Promoting the Oneness of Humanity

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​​​No Room in My Heart for Prejudice

Roosevelt Elementary school created a “Unity Wall” which included this display on “No Room in My Heart for Prejudice.” Here, librarian Leigh Lohrasbi & school counselor Lupita Mason add photos of every staff member and student to the wall.

As a key part of this project, rather than grouping the photos by classroom or arranging them in alphabetical order, the photos were deliberately placed next to those from other racial/ethnic backgrounds. Students were then asked to locate 

their own photo, to meet the two people on either side, and to say hello.

Next, the Roosevelt UnityWorks Team organized a classroom‐based art and essay competition, inviting students to explain what "No room in my heart for prejudice" means to them. Winning entries were shared with the entire school.

In a letter to staff, Principal Dan Williams explained: “We continue to educate our students year‐long in the understanding that although we are physically and culturally different, we can learn to respect each other since we are all part of the same race: human. Teachers, you are our best hope to make a difference in each classroom. If we change the lives of even one student, it is worth it.”

​Family Tree

Garfield Elementary School teacher Amy Moloso created a colorful "family tree" using photographs of her 4th and 5th grade students, with cutouts of their arms and hands for the branches. 

What a wonderful way to illustrate the oneness of humanity!

More Great Ideas from our UnityWorks Site Teams 

UnityWorks Photo Gallery, p.8

The UnityWorks site team (top L). Teacher Robyn Harris explains the activity to her students (top R).

Watch this short moving video about Hoover's Journey towards acceptance. 

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​​Skin-Color Portraits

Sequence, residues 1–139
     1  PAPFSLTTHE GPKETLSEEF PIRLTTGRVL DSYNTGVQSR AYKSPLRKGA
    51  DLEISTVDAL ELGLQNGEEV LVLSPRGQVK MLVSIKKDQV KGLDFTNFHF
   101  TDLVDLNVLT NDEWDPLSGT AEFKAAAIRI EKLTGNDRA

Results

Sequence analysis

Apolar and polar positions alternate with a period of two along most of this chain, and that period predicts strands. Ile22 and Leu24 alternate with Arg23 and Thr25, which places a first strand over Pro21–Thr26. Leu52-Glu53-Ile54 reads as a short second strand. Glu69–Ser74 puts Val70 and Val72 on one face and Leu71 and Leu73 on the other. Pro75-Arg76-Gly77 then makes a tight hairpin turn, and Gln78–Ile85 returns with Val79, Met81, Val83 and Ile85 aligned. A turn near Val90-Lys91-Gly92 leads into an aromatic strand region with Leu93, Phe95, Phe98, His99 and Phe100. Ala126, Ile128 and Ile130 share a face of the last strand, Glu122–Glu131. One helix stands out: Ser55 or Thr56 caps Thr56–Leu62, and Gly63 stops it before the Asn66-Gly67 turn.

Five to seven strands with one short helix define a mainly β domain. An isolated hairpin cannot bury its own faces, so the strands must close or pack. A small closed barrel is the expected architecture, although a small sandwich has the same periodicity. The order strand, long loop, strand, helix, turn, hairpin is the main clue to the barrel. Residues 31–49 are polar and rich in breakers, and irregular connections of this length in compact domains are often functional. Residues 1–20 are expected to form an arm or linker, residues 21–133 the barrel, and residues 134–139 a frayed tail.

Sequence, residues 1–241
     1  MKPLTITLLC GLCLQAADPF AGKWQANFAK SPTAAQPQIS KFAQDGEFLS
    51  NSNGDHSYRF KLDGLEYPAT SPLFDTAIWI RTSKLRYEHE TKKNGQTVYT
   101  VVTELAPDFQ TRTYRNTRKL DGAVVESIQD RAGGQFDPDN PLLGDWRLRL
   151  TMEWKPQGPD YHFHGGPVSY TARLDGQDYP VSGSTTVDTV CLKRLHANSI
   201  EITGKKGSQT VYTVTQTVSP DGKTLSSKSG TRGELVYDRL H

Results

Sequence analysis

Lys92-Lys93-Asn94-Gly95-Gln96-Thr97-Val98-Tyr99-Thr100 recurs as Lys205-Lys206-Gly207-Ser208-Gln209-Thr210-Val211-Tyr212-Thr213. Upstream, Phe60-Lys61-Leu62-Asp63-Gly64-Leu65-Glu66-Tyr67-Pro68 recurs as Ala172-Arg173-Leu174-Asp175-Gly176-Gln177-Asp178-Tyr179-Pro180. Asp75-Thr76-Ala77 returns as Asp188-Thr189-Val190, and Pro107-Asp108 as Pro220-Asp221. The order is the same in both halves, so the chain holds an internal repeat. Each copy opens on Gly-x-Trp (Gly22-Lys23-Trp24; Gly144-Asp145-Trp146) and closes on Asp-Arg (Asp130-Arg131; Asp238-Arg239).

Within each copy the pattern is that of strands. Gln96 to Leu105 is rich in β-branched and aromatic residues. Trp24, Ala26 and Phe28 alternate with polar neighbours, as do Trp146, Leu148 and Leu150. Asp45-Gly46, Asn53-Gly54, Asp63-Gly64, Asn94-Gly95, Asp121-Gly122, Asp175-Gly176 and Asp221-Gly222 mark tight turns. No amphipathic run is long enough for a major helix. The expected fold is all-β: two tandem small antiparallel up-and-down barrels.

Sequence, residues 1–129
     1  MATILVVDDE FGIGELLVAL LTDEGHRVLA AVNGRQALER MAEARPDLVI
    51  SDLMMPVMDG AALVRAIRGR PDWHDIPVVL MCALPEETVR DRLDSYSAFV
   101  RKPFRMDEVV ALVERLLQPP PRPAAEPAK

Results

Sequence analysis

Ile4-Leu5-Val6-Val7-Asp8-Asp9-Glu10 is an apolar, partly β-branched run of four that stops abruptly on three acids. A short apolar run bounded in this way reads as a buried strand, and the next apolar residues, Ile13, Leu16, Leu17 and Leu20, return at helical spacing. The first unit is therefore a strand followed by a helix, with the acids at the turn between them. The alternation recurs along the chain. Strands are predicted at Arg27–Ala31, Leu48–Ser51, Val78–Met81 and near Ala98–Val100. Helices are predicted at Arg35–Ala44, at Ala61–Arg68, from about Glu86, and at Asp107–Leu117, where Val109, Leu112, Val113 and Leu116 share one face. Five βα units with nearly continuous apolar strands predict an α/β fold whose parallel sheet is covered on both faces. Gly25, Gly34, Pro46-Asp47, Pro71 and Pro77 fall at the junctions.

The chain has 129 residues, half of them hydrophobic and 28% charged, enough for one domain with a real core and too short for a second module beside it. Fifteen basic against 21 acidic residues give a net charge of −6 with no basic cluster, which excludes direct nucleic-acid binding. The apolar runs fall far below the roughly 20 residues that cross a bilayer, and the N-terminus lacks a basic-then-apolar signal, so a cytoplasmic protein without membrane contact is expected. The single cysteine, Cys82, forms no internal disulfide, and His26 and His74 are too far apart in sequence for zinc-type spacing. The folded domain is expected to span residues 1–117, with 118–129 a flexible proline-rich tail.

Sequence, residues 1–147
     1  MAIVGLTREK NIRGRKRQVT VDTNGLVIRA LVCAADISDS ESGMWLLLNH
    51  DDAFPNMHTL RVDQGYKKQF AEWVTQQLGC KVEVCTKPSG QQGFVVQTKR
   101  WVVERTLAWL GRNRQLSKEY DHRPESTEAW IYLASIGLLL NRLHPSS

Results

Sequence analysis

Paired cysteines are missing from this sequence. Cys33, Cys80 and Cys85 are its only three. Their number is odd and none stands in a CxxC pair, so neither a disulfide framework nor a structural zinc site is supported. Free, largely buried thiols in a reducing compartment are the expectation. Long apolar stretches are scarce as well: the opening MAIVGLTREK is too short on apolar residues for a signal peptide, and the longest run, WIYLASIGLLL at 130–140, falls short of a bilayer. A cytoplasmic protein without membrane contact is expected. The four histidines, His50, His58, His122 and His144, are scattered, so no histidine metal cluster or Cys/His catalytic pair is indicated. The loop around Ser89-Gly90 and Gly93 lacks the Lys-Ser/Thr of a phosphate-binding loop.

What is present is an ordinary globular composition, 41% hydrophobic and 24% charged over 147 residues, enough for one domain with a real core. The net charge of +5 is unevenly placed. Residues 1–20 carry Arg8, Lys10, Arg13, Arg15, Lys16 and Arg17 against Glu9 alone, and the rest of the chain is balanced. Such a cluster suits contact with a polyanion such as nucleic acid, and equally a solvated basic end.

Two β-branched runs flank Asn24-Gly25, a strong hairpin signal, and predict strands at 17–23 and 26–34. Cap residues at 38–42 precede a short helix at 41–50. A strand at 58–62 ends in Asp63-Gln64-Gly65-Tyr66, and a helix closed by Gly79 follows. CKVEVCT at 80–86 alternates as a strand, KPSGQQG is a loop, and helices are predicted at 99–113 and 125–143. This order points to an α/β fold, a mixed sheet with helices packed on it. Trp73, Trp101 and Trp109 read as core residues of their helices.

Concerned about a sharp increase in incidents of racial bias and bullying, the Hoover Elementary UnityWorks team was able to successfully eliminate these incidents and completely change the school culture through a series of lessons on race and skin color based on our Teaching Unity curriculum guide.

For their culminating activity, 50 staff and over 700 students created beautiful self-portraits, mixing paint to accurately match their own skin colors. The portraits were then displayed throughout the school. 

As a direct result, incidents of racial bias, which had been on the rise, went from double digits to zero, overnight. “We are now a community!” said Luz Juarez-Stump, the school principal.  

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From teacher Jana Hoberg: “Our Multicultural Festival was the culminating program for a wonderful, unifying educational process which included months of research and preparation by the entire school community. We worked together in planning teams with students, teachers, administrators, parents and other community members to learn about the different cultures and ethnic groups represented at our school. Our site team's goal was to increase community involvement, which went from only five people at the first meeting to over 450 participants at the final event!” (Parent Jacoba Barrios shares her experiences through a translator, bottom right photo.)

For additional highlights from the UnityWorks School Program, click here.

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Mr. Sanchez reports that "The program provided many opportunities to advance the conversation about unity in diversity, and to demonstrate respect for the cultural backgrounds of all students. We've been improving the program for four years now, and have been making progress towards our goals every year." 

Activities included:
•  D
ance: Traditional Aztec, Native American, Fusion, Mexican folkloric
•  Cultural art making: aguinaldos, beading, cookie decoration, bracelets
•  Cultural food: tamales, pozole, fry bread, champurado, fried chicken

​Diversity Plan Unifies School Community

In light of concerns about academic performance, Washington Middle School developed a plan to increase parent involvement and improve school climate. As Assistant Principal, Julio Sanchez explains, "Our UnityWorks Team created an action plan that focused on these issues, and involved parents by sharing our cultures through the arts, performances and food. 

​​During monthly gatherings of staff, faculty, students, parents and community members, each cultural group prepared a unique presentation for a year-end, family-friendly evening of entertainment and educational experiences.

More great ideas from our UnityWorks site teams
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